Harris was born in the ‘60’s North Philly of gangs, poverty, and fatherlessness. Mothers couldn’t receive welfare for their families if the father lived at home. Hence, a kind of government imposed break up of families. I know. I experienced it. I was born in North Philly too, just south of the divide, in Lankenau Hospital next to Girard College which Harris’s text briefly references. Girard College was both a haven for orphaned white boys (my brothers went there) and the dividing line between white and Black neighborhoods surrounding it. One of America’s most famous cases of what we now call institutionalized racism, (not to mention misogyny) was the lawsuit introduced by Raymond Pace Alexander in 1953. It finally desegrated the college in 1968 admitting fatherless Black boys. Girls were not admitted until 1984. By which point, hip hop became the dances of the streets, and, through choreographers like Harris, much more.

This bit of local history informs Harris’s mirror imaging of tales of feuding families, flipping the script from the opulence of Verona and the steamy streets of fifties Latino New York to the roiling underbelly of North Philly. The notion that a young man growing up in that era and neighborhood would roam from Bernstein and Robbins to Shakespeare defies probability. But to conceptualize it all in this hip hop or street dance forms, find great dancers and collaborators, and then bring it to proscenium stages implies genius.

Actor and dancer Rodney Mason, brought on the Shakespeare during an early rehearsal, altering and shouting Tybalt’s line: “Yo, Rome, the hate that I have for you can afford no better term than this: Thou art a villain—so what’s up?” Mason was well-read in Shakespeare. Harris cast him as Rome and Philip Cuttino as Ben V (Benvolio). From there, Harris, Ozzie Jones, d. Sabela Grimes (the original Ben V) and Raphael Xavier (the original Tybalt) and Mason took off with the texts, mixing quotes from “Romeo and Juliet” with neighborhood parlance transposing the basics of the drama into daring/complex solo and ensemble dance bits and scenes.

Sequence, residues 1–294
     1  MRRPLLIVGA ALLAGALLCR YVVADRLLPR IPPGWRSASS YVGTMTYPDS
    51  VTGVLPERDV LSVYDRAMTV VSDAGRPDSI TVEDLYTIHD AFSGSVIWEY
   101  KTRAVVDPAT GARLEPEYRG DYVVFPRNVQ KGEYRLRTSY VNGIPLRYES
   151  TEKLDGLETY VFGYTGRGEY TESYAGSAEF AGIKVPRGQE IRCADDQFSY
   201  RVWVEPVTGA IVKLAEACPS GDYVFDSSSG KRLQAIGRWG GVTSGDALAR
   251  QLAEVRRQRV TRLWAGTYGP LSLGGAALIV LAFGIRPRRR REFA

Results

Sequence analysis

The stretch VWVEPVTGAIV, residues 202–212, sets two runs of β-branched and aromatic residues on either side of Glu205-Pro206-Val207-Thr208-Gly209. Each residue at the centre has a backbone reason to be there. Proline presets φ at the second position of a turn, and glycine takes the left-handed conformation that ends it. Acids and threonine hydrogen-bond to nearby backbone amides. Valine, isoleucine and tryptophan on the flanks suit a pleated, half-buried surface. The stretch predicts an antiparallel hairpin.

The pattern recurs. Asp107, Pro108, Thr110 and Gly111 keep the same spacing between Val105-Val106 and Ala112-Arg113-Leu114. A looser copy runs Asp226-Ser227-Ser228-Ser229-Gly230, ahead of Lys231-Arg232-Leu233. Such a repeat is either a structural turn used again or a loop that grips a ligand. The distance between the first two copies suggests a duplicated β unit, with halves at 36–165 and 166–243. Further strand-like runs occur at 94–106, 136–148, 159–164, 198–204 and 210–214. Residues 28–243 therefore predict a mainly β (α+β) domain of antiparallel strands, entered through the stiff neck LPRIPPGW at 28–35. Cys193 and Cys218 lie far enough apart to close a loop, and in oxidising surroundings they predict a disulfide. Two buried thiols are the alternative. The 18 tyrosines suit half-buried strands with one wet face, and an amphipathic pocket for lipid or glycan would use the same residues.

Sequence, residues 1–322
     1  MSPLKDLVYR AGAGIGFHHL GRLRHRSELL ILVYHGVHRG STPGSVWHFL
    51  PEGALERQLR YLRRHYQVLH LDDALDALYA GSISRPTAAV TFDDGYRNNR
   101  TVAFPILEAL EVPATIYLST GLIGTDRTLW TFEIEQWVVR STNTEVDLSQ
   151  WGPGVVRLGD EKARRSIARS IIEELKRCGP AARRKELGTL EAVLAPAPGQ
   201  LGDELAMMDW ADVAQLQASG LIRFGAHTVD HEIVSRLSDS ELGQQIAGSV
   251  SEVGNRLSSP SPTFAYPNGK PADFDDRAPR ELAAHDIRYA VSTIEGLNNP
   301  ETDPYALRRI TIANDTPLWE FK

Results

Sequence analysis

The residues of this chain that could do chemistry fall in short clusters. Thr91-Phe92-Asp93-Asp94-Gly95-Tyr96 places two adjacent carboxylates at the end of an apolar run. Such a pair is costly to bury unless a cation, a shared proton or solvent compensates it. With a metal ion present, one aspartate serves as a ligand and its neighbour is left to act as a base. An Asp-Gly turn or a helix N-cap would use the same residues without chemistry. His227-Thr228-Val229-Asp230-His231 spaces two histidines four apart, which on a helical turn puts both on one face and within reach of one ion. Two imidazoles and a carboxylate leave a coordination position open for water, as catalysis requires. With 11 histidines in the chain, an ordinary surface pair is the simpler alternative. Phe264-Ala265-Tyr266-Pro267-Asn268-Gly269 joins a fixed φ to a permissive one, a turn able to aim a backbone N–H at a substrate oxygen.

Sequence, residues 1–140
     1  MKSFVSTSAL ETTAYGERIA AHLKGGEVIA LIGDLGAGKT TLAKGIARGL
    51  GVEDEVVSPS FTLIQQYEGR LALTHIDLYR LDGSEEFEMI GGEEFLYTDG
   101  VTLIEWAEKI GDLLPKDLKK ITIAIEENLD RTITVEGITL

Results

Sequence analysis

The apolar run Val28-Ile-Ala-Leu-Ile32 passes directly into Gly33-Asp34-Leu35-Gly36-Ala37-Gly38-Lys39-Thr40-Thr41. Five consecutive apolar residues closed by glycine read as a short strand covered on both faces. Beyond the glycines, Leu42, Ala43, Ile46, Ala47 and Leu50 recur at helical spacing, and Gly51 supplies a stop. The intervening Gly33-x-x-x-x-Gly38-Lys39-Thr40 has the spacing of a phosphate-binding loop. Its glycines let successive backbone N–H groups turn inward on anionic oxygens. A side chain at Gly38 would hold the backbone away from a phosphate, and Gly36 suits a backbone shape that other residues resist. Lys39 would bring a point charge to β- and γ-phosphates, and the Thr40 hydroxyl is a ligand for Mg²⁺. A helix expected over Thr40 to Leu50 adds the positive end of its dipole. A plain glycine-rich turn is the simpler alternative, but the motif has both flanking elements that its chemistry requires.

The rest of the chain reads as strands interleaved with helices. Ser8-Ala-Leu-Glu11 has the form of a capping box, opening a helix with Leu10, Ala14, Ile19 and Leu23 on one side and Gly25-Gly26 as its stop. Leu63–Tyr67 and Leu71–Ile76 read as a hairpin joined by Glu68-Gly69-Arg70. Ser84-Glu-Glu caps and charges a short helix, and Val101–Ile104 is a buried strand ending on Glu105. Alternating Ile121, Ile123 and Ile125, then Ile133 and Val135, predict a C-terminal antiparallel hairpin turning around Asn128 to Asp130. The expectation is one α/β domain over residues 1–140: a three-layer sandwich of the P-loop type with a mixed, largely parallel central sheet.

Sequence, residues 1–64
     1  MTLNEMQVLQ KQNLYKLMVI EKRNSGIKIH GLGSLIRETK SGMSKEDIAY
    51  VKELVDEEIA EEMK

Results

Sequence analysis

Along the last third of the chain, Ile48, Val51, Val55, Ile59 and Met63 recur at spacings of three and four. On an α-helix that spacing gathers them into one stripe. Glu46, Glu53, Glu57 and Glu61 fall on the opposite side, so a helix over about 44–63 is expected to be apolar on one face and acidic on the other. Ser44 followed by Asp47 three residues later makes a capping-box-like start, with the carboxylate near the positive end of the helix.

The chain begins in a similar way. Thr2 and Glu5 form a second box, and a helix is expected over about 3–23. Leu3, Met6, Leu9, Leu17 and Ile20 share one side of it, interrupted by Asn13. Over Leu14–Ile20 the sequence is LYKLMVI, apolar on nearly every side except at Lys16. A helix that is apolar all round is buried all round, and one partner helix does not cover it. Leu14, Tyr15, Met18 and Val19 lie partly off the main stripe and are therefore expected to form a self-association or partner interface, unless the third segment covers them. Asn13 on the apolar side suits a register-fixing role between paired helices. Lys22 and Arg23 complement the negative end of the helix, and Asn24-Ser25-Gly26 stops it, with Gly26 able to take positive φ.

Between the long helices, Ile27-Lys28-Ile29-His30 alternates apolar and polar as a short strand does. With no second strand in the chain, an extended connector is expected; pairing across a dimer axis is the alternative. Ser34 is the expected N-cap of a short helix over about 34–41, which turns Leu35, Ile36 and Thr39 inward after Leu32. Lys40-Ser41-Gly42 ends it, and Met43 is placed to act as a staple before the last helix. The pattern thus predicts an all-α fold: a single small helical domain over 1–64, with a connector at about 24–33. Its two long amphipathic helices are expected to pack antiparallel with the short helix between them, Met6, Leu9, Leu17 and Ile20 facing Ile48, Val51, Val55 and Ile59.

At the world premiere, Harris took flak from critics for having only one female dancer in the original, Julie Urich, who remains in this cast. He’s addressed that by adding Emily Pietruszka, and his own daughter, Miyeko Urvashi Rennie Harris. All three bring a necessary feminine sass to the hypermasculinity of the work. True athletes, doing coffee-grinders, handstands and other body-wrenching steps, it’s easy to see why breakdancing will be introduced as a new sport in the Paris 2024 Olympics.

“Rome and Jewels” by Rennie Harris. Photograph courtesy Penn Live Arts

This cast are not mere gymnasts, but artists as well. They make the fight scenes seem realistically fierce with their complex footwork, popping and locking. Mason seems to adlib when the Grand Wizard (Ozzie Jones) tall in his work boots, calls him Shorty and suggests he doesn’t look good. “It’s that booster,” Mason quips, tossing in a contemporary moment that gets a laugh. Throughout, his dancing and acting have the quality of a prankster, unexpected skids, and still doing head spins. Riffing on The Bard, he sums up the play for our contemporary inner-city reality with “A pair of star-crossed homies take their life.” With abrupt chicanery he pulls his feet and legs together, bends at the waist and ripples his arms as bonelessly as Anna Pavlova.

Among dozens of other acclaimed choreographies, Harris has gone on to mount “Lazarus” on Alvin Ailey, “Awake” on Philadanco and “Facing Mekka” on his company, RHPM. Perhaps for touring purposes, this reprise of “Rome and Jewels” seemed shortened by about 20 minutes. Nonetheless, it’s impact remains explosive, enduring and completely engaging.